It’s been a hard few weeks. It’s been an even harder few weeks for a family I know who lost one of their own. I’ve always heard it said that death brings things into perspective. It’s a cliché that’s more true than any of us would like it to be. For those of you who don’t know me, I helped co-officiate a funeral of a former student of mine that I had ministered to for four years. It hurt and it was as hard to officiate as much as it hurt. If you’ve read the Eulogy you’ll know that this kid (Matt) was someone I cared very much about and someone I invested a lot of time in.
Switching it up a bit, our high school ministry had winter retreat a week ago and something God-sized happened Saturday night. There isn’t a doubt that the Holy Spirit was moving and in that movement, God spoke to me. Not an audible speaking but a visual speaking of sorts. We had entered a time of worship by praying and singing. As we started this, I could see Matt’s face on every single student that was there, 150+. I didn’t physically see his face on students but my heart and mind saw it.
For the last six months, I’ve been distracted trying to figure out calling but in that moment it became very clear to me what my calling and gifting is. We’re all called to represent Jesus to a broken world, to live out our resurrection before it happens, to make disciples. We’re called to become more like Jesus every day and help others do the same. We all share the same calling.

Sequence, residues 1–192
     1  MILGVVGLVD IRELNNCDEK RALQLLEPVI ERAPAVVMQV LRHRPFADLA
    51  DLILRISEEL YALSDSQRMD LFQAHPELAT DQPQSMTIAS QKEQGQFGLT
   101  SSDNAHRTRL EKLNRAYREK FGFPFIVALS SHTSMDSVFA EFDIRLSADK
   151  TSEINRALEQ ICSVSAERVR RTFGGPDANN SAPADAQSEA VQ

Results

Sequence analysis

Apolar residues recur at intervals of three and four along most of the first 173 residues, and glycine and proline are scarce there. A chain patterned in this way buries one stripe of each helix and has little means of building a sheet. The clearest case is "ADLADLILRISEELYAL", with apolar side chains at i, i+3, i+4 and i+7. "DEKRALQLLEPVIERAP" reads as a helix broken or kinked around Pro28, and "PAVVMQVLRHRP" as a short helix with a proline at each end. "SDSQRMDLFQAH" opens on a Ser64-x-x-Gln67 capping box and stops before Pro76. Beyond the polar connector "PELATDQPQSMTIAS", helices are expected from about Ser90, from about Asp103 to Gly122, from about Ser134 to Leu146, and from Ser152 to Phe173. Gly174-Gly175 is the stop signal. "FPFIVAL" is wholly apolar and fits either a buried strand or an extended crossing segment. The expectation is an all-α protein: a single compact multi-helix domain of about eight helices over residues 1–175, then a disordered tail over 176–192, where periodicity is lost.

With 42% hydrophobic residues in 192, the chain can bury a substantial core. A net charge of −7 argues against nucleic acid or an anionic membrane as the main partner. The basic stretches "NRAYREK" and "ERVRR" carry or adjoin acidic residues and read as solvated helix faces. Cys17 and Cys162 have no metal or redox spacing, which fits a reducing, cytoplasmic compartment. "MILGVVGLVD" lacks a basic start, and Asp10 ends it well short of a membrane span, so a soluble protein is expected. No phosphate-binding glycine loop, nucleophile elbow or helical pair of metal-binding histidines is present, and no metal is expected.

Gifting, it’s a different story. While we all share the same calling, God has gifted each of us in different ways. Back to the funeral and back to Saturday night at winter retreat; it’s become clear to me that God has gifted me to walk as a student pastor (under various titles, life group leader, coach, etc) the last decade of my life. It’s something I’ve been actively engaged in for a majority of my walk with Christ. It’s something I continue to see myself engaged in for years to come.
Read Ephesians 4:1-16 for more.
How has God gifted you to live out our shared calling?
musikkidonmission: I LOVE your blog. End of story. Looking forward to walking this journey with our Lord with you through tumblr :) -Meg
Thanks! I’m digging your stuff as well. Keep it up!
The topic that never stops coming up. See posts tagged under Humility, Humbleness.
Forgiving someone is what happens when you don’t make the person who wronged you pay up. Mercy is what happens when you don’t make someone pay up for the wrongs they’ve committed against you. When I ask my self if I’m a merciful person, I have to ask myself if I’m willing to let things go. Some things obviously need confronted, but not everything.
Someone once passed along this saying to me: See everything, overlook a lot, and correct a little. Sometimes, we have a tendency in life to hold a grudge against others. A grudge is a sure sign that you’re not being merciful and you’re not being forgiving. There are even some people who feel the need to call out everything they see in life. I don’t believe Jesus lived like this. The sin he confronted almost always was directed towards the religious elite. He showed mercy and forgiveness most to those who in society would have written been off the books.
Extending grace is making payment for the wrongs committed against you by others but that’s a topic for another day.